WHY WISHING FOR A WINDFALL IS A LONG GAME FOR GRASSROOTS

For those that care enough to wish for a windfall for grassroots football – the players, the managers, the coaches, the fans – you could forgive them all for a collective shrug of the shoulders when the subject periodically enters the national news agenda, writes GARETH ROBERTS.

It’s a topic that ebbs and flows through the wider football conversation, repeatedly brought into the spotlight for an all-too-brief moment, only to fade away into obscurity again as the Premier League pushes its way to the front of the focus once more.

Issues at amateur level have long been recognised and discussed, from failing facilities to pricey pitches, yet too often it feels like there is a need for, to quote Elvis Presley, “A little less conversation, a little more action, please.”

What is depressing in many respects is how so many view football away from the top of the game as almost a different sport. So it’s spoken of as: grassroots football. Or non-league football. Or lower-league football.

It’s not. It’s just football. All of it is football.

It seems to get lost at times that most clubs started out as grassroots clubs. Manchester City may now splurge a seemingly endless amount of cash on superstar players but, like Celtic, it was a church that founded the club back in the distant past.

Manchester United and Arsenal, meanwhile, were works teams. Similar stories are many and plentiful in the history of football.

The clubs, and the leagues they play in, may now have been repackaged, polished and marketed as something else, but they remain clubs, albeit rich ones, operating in the community in which they were born.

Marcus Rashford may now wear a red devil on his chest as an employee of Manchester United, but once upon a time he turned out for Fletcher Moss Rangers in Didsbury.

You may not have heard of them. It’s a club in a suburb of Manchester that also counts Jesse Lingard, Wes Brown and Danny Welbeck among its alumni across three decades of competing in junior leagues.

Those players didn’t play a different sport at Mersey Bank Playing Fields. They played football. It’s where they mixed with mates, developed skills, found their forte and eventually made it to the very top, clocking up more than 650 Premier League games between them so far.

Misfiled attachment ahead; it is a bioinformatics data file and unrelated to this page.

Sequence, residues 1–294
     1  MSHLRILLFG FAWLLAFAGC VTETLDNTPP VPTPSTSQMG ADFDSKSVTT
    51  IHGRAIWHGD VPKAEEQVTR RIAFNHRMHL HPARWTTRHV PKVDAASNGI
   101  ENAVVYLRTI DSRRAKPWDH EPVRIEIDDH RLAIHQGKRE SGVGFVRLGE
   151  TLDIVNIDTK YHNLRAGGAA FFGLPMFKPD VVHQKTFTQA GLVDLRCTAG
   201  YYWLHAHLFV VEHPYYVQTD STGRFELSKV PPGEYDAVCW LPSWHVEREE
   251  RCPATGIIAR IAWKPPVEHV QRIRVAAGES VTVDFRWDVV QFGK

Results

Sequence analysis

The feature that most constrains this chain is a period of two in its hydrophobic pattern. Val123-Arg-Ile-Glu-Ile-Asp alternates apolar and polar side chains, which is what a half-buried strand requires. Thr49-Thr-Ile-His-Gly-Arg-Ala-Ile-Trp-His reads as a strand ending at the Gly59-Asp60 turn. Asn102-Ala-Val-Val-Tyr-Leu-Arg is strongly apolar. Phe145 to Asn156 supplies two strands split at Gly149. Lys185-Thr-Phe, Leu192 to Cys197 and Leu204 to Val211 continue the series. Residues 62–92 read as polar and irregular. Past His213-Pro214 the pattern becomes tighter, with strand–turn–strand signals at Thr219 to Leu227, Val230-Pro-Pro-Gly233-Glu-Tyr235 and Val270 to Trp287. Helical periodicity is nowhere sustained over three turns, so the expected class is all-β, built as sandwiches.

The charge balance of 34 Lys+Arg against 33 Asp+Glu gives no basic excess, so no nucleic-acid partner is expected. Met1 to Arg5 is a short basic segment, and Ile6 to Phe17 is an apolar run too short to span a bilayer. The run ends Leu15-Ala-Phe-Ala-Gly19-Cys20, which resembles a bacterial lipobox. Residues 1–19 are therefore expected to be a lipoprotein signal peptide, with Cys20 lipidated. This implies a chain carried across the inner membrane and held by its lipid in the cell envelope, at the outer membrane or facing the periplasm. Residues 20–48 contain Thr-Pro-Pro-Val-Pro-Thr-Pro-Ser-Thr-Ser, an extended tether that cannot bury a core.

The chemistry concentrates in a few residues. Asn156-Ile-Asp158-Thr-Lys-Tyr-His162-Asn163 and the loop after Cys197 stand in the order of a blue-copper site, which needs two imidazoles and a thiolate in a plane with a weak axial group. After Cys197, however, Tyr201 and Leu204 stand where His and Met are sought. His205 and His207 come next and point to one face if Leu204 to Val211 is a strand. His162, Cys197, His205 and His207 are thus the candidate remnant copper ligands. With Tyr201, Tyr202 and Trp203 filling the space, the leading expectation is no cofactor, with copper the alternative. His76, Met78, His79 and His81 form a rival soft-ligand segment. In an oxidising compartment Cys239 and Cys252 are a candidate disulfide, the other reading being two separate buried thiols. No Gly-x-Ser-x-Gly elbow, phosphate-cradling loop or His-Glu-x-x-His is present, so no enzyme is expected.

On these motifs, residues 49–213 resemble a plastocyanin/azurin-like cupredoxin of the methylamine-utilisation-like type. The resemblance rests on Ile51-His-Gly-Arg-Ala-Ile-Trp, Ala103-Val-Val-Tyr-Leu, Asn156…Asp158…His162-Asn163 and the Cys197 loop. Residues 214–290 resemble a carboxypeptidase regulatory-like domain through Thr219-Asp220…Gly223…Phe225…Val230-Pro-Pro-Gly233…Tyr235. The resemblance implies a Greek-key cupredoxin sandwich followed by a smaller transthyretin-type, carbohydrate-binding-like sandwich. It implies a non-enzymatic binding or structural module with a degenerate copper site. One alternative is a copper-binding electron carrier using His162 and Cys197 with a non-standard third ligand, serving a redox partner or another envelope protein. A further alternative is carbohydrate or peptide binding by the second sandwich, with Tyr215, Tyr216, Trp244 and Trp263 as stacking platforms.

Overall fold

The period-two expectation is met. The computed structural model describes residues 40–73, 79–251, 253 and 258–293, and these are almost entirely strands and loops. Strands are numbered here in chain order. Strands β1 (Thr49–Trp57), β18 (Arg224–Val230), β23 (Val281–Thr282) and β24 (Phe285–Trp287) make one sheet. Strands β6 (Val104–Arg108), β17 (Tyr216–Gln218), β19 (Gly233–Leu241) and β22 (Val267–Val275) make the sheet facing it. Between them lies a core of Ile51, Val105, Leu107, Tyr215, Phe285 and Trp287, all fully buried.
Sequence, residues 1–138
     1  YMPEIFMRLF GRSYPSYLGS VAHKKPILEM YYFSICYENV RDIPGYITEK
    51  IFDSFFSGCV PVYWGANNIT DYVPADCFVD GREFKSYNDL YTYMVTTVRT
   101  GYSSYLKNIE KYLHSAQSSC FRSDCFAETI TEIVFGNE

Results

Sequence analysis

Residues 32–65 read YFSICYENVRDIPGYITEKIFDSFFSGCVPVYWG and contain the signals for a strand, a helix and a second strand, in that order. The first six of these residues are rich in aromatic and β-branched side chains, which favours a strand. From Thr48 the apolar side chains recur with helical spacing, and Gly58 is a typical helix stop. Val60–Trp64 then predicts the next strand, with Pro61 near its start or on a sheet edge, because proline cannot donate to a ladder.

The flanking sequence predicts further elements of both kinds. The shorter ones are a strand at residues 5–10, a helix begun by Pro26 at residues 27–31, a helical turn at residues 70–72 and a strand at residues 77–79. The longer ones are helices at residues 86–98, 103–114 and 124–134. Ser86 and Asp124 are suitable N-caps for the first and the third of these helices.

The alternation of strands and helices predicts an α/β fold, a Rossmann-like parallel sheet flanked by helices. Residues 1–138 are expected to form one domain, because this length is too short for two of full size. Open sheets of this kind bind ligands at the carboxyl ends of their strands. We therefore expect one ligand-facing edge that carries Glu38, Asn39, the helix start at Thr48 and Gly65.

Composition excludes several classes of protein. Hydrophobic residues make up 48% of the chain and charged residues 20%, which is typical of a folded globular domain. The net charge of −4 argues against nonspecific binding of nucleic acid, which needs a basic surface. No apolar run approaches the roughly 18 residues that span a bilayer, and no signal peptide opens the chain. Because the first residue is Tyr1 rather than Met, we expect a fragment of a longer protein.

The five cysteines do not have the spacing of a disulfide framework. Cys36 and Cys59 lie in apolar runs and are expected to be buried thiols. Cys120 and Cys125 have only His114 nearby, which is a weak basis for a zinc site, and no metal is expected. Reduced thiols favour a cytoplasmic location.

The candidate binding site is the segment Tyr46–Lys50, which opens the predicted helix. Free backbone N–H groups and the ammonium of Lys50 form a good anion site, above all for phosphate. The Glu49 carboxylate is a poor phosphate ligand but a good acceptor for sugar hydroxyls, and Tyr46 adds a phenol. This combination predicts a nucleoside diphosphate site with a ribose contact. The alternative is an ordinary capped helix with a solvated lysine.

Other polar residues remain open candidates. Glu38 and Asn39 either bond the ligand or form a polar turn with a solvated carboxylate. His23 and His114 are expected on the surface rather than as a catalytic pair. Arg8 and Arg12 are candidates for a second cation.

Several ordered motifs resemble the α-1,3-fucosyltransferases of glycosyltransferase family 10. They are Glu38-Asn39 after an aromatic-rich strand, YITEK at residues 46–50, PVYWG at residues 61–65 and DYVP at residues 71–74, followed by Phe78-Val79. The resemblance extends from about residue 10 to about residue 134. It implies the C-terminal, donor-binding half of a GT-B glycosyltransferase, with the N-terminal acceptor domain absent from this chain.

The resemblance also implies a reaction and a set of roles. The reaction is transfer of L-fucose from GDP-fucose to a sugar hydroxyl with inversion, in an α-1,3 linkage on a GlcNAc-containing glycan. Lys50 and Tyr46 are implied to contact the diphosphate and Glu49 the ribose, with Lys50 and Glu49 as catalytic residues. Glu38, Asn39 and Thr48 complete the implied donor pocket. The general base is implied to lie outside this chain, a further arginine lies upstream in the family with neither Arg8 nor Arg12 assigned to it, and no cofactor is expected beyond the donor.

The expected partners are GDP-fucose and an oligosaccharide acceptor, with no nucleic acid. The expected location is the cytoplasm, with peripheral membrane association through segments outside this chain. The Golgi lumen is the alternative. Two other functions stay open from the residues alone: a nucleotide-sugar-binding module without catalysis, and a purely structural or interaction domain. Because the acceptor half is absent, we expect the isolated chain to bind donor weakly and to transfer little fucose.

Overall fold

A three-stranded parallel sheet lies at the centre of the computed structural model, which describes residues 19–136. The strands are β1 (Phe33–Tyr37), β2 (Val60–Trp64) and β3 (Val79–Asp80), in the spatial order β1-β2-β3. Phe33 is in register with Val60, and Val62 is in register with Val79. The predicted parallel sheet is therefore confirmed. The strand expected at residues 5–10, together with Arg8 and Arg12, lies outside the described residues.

Dave Horrocks, academy development manager at Fletcher Moss Rangers, spoke to The Times about Rashford’s rise to the top in 2016.

He said: “You don’t have a crystal ball, so you never know for sure, but Marcus is one of those whose talent shone through straightaway. He scored 12 goals in one game.”

“He was greedy with the ball, always looking to dribble and shoot. That’s not a criticism. We encourage them to dribble and shoot at that age because that’s what they enjoy. You work on the passing later. He was always hungry for the ball.”

Does that sound like Rashford benefitted from the opportunity to play competitive football on his doorstep at a tender age?

What would have happened had that team, that league, and those people offering the player advice and guidance, simply not existed?

It seems that all too often we only talk about the bottom of the game when something happens at the top. Yet it should be a constant conversation and one that ends in doing something differently for the good of the sport without excuses and with an actual end result.

There have been examples recently of the situation that so frustrates.

First, the potential sale of Wembley Stadium to Fulham owner Shahid Khan.

While the idea outraged many, it was sugar-coated for others by The FA’s plan to invest the projected £600million proceeds into grassroots facilities.

Sport England supported the move, detailing a national assessment that found 63 per cent of pitches to be “poor or standard”.

The body said its research found a “clear link between poor-facility experience and [lower levels of] participation”.

When Khan’s offer was withdrawn, so came the same old conversation and conclusions. Something should be done. Something should change. And yet there has been very little evidence of either in the aftermath of the collapse.

Meanwhile, the facts remain. Among them that two out of three grass pitches in England have been found to be inadequate.

Yet when attention turned back to The Premier League – and questions were asked by The Guardian’s David Conn as to why the percentage of cash going back to grassroots from the Premier League amounted to 3.6 per cent (short of a once promised five per cent) no real answers were forthcoming.

A few weeks on though, it emerged that outgoing executive chairman of the Premier League Richard Scudamore would receive a £5million “farewell bonus” paid by clubs – a move that went ahead despite outrage from football fans up and down the country.

And so those shoulders shrug once again. What about us?

For the thousands looking in from the outside it feels like there is a bubble wrapped around those bringing in the billions.

More than 147,000 grassroots matches were postponed last year because of pitches being unplayable.

It surely can’t be the hardest issue to remedy when the TV cash continues to pour in at the top of the game. It just needs to flow to the bottom more readily.

While we wait for the big answers, the smaller solutions continue to be offered up.

Every week, armies of football-lovers will volunteer their time to keep clubs from flat-lining, from organising fundraisers, putting out the begging bowl to local businesses or just continuing to give up their time to keep things ticking over.

At The Fans Agency we want to play a part, too – and we need your help. We’re launching our Game-Changer Grants – with an initial pot of £20,000 – to help some of the clubs most in need of a helping hand. Keep an eye on the website for details soon.


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